Washington Memo: We must not balance the budget on the backs of seniors
Last week, reasonable Republicans and Democrats in Congress came together to end the government shutdown and eliminate the threat of default. It was not a perfect solution, but I voted for it because it was a necessary compromise in the face of an unnecessary shutdown.
As part of the compromise, Congress agreed to try to focus on the budget. This means Republicans and Democrats will try to negotiate a plan to boost job creation; make key investments in infrastructure, education and housing; reduce the deficit; and protect programs vital to middle class security. This will be extremely tough since there are four budgets floating around: President Obama’s budget, the Senate budget (known as the Murray budget), House Republicans’ budget (known as the Ryan Budget), and the House Democrats’ budget (known as the Van Hollen budget).
Before these talks even begin, there is chatter about ways to balance the budget on the backs of seniors by making dramatic changes to Social Security and Medicare.
In past years, House Republicans passed Rep. Paul Ryan’s budget, which eliminates the Medicare guarantee and puts Social Security at risk. The Senate refused to go along.
I strongly oppose the Ryan budgets. America faces real problems. Too many people remain unemployed. Wages have been stagnant for too long. And our deficit, though falling, is still too high. But targeting seniors and other vulnerable populations is not the answer.
New Hampshire seniors have worked for, paid into and earned Medicare and Social Security benefits through a lifetime of hard work. We must keep our commitment to them, and to future generations.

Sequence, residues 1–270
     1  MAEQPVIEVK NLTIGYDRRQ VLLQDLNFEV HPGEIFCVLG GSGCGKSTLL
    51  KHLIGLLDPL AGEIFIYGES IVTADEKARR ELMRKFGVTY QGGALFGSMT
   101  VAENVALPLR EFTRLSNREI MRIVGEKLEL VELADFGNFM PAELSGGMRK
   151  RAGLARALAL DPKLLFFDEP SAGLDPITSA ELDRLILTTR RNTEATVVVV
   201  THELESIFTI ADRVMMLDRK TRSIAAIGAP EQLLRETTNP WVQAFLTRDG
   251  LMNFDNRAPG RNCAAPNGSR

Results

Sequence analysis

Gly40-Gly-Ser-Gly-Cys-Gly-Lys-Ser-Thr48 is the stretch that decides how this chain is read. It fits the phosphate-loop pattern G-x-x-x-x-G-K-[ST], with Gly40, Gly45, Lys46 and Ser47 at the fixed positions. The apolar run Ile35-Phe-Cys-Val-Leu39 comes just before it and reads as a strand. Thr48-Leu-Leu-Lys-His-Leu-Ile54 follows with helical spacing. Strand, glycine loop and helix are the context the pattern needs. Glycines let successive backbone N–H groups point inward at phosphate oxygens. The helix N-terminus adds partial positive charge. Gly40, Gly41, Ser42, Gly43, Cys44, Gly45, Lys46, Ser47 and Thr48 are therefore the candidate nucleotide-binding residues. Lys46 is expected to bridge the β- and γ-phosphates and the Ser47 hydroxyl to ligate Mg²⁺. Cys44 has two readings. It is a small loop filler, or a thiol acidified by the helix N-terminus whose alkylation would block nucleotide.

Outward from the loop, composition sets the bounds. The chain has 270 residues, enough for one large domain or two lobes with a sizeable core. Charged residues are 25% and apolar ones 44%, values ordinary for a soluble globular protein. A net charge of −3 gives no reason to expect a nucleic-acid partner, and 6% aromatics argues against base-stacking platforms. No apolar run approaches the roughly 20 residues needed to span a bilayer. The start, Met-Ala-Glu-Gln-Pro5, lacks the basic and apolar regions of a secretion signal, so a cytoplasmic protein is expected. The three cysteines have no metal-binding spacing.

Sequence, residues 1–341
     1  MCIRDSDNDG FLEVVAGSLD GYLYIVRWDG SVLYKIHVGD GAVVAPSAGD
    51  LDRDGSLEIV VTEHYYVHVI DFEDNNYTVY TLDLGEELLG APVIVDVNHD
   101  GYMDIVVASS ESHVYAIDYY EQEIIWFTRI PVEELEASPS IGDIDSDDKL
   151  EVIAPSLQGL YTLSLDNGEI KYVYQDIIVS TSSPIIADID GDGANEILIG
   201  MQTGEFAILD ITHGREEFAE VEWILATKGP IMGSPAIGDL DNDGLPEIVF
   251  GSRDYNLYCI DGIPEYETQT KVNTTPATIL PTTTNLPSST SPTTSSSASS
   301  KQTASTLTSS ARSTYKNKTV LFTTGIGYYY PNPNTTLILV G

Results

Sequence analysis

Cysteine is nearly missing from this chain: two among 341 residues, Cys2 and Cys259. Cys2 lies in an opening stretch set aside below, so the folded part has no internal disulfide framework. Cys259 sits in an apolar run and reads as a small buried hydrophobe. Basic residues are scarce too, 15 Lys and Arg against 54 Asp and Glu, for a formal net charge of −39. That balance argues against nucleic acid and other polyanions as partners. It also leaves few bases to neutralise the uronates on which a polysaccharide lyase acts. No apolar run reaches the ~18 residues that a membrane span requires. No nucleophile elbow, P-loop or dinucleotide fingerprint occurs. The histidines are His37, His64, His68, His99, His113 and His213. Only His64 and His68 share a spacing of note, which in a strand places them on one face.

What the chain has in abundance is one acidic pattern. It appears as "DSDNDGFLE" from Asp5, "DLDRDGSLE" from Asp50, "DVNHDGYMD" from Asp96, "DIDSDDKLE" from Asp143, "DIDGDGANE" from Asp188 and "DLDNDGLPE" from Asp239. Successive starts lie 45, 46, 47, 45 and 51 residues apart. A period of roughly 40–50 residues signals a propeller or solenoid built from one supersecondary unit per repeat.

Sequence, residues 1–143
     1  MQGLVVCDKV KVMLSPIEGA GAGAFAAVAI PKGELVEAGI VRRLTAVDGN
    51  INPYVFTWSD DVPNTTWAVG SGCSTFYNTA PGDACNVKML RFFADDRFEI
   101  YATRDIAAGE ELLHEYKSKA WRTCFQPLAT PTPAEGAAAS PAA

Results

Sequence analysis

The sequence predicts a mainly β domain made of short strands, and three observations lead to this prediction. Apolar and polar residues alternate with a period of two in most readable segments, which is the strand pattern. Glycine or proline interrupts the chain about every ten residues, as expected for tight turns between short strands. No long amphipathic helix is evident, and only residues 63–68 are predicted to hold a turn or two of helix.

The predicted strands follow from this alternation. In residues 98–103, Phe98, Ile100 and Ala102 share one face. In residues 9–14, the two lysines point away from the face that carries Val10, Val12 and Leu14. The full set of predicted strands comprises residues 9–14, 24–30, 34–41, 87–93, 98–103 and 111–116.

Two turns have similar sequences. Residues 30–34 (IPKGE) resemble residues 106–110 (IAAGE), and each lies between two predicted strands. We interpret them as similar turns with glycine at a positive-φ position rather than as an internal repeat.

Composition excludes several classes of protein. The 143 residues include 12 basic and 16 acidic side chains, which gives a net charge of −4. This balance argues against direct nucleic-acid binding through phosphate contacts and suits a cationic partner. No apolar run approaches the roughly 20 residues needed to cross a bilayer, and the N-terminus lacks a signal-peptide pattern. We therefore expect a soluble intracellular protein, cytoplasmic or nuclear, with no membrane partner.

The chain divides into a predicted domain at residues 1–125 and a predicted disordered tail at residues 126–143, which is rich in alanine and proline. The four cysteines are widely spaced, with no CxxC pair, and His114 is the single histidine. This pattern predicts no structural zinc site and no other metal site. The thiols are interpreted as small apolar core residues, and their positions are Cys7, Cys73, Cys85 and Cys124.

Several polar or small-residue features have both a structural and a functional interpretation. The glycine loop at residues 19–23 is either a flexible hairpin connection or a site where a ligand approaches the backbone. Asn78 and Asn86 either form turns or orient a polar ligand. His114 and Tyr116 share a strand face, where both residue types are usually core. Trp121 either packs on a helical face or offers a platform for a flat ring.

Together with Medicare and Medicaid, Social Security embodies the moral fabric of our country. These programs are the foundation of economic security for seniors and for the most vulnerable. While I am open to proposals that make Social Security stronger and extend its solvency, I will not accept a budget that takes from Social Security beneficiaries without first asking America’s millionaires and multibillion-dollar corporations to pay their fair share. Keep in mind that in 2008, nearly two-thirds of U.S. companies and 68 percent of foreign corporations did not pay federal income taxes, and Wall Street profits have soared while workers’ incomes have been flat.
For six in 10 New Hampshire residents who are 65 and older, Social Security makes up 50 percent or more of their income. As of December 2012, the average monthly benefit for those receiving Social Security was $1,215. Over the course of a year, this averages out to $14,581. It is immoral to balance the budget on the backs of seniors with incomes under $15,000, when those in the top 1 percent have seen their incomes skyrocket over the past 10 years.
More than one-third of Granite Staters over 65 would be living in poverty if they did not receive Social Security. And it’s not just seniors who benefit. Over one-third of beneficiaries in New Hampshire are spouses and families of workers who become disabled or die prematurely, including over 20,000 children. These benefits should not be used as a budget bargaining chip.
We do need to find ways to strengthen Social Security and Medicare. I am proud to have cosponsored legislation to ensure the long-term viability of Social Security. The Protecting and Preserving Social Security Act would create long-range solvency while improving benefits, and it would ensure greater economic security for America’s seniors. There are also a number of efforts to keep Medicare strong and root out fraud, waste and inefficiencies.
I am ready to support a balanced plan to grow the economy and protect children, seniors, families and veterans. We know that Congress must work out a long-term budget to reduce the deficit, invest in job creation, upgrade our infrastructure and strengthen the middle class. But I will not ask seniors or the most vulnerable to carry the burden when we can take other measures. For example, we could end outrageous farm and oil subsidies, close corporate tax loopholes, and do tax reform so our system is fair.
There’s a saying that if you don’t sit at the table, you will be on the menu. There are always too many seats at the table for the most powerful and influential. There must be a seat there for the rest of our citizens.
(Democratic Rep. Carol Shea-Porter represents New Hampshire’s 1st District.)